“Short-range air defense represents another example of an important shortfall,” it said. “In the post-Cold War era, the Army envisioned little threat from the air forces of potential adversaries. Recent activities in Ukraine and Syria have demonstrated the threat environment has changed.”
The Army’s new air-and-missile defense roadmap also highlights the service’s push to build capacity with partner nations. Dickinson said this is key to the Army’s global air-and-missile defense architectures, capabilities, planning and designs across the world.
The Army is running an exercise called “Nimble Titan” to explore different air-and-missile defense capabilities from around the globe, he said. About 26 countries are participating in the event.
“Our ability to continue to work with our partners and allies in terms of bringing them into our collective defense building capacity — as well as capability — is fundamental to what we do,” he said. “We’ve never fought alone.”
To build ally and partner capacity, the service plans to rely on foreign military sales, building interoperability through doctrine, organization, training, materiel, leadership and education, personnel, facilities and policy, and having persistent engagement at all levels of command, the document stated.
Building interoperability between nations is “pretty feasible” when allies have common U.S.-built weapon systems such as Patriot, Dickinson noted. However, the service will still need to find ways to work with other missile defense platforms, he said.
“It’s a little more challenging when you have a weapon system that’s not necessarily a U.S-built system,” he said. “But still, at the end of the day we’ve got to be able to interoperate and integrate with those systems. Because that’s how you build that collective capability.”
To successfully carry out the plans outlined in the roadmap, Karako advised the Army to “stay the course and don’t get distracted.”
“The history of Army air-and-missile defense is … a windy path of things that are started and then stopped and then changed and then restarted and then stopped,” he said.
However, the Army will need to have “sustained and predictable funding” for missile defense capabilities, Dickinson said. Many of the efforts outlined in the roadmap are multi-year projects, he noted.
“We need consistent and predictable funding [for] more than two years so that we can keep that development moving along at the speed of relevance,” Dickinson said. “That document is based upon consistent and predictable and sustained funding so that we will have these capabilities by 2028.”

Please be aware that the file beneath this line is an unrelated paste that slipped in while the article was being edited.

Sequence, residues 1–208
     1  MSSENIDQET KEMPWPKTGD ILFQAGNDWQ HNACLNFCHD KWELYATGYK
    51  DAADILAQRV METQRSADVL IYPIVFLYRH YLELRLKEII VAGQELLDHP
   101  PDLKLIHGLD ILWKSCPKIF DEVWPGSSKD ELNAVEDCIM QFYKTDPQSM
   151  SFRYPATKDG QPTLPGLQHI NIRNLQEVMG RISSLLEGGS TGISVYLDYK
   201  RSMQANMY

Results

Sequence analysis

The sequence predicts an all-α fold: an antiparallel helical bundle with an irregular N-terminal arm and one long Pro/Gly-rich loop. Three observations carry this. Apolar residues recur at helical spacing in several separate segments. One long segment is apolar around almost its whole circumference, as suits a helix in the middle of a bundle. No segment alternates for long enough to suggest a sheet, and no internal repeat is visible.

President Donald Trump’s fiscal year 2020 budget request called for $4.6 billion in missile defense procurement including base and overseas contingency funds. One of the major missile defense efforts outlined in the request includes providing $737 million for the production of 147 Patriot missile segment enhancement missiles and 40 launcher mod kits.
The roadmap was also based on the assumption that current research-and-development efforts — such as directed energy and advanced sensors — will yield new capabilities by 2028, the document noted.
“Significant delays to the programmed delivery dates of these capabilities will leave the force with capability and capacity shortfalls, resulting in the adversary gaining advantage with systems that will overmatch our defenses,” it said.
Dickinson said the roadmap could evolve in the future to accommodate potential changes in the operational environment or weapons programs.
“If we have a significant change to the operating environment, we would go in and update it,” he said. “If we had a significant change in one of the programs — whether it’s a funding or a performance perspective of that program — that might spur us to put an update out.”
Topics: Army News
Increasing the number of systems and their lethality to include the ability to integrate are key factors. I would argue the major limiting factor is manpower! How do you recruit, train and equip forces with zero tactical/operational leadership experience in the force from a SHORAD perspective? There is lots to do in order to train at the leadership levels required to effectively plan, synchronize, employ, and integrate air and missile defense forces in support of maneuver forces.Red Tight at 5:13 PM
We need to keep multi missile systems ready to launch at a moments notice! I was in a Pershing nuclear battery operations in 72! And if we were still in Germany Russia would not be in Ukraine now!!!Joe Loe at 1:59 PM
“The history of Army air-and-missile defense is … a windy path of things that are started and then stopped and then changed and then restarted and then stopped,” he said.Krashnovians at 2:23 PM
Unfortunately, that doesn’t need to be that way. There are U.S. and NATO SAM systems ready and COTS available NOW that have been tested and proven to work: MEADs, SLAMRAAM/CLAWS, Leonardo DRS multi-weapon turrets, NASAM, IRIS-T, IDF Arrows, and David’s Sling, and Iron Dome SAMs. There are naval CIWS and SeaRAM that could be (and have been) mounted for land use.
I do think that the U.S. Army needs to expand the mobile SAM range beyond the Stinger SHORAD. That is the main limitation, that 5KM range. The AIM-9X with 22 mile range and even the AIM-120D with 100 mile range should bolster the effectiveness of coverage if the U.S. Army mounts and adopts them. Having just Stinger as the main field-mobile U.S. Army SAM hinders the range of the protective bubble. If the MSL can mount AIM-9Xs and AIM-120Ds and a radar, that in itself would be a powerful SAM system.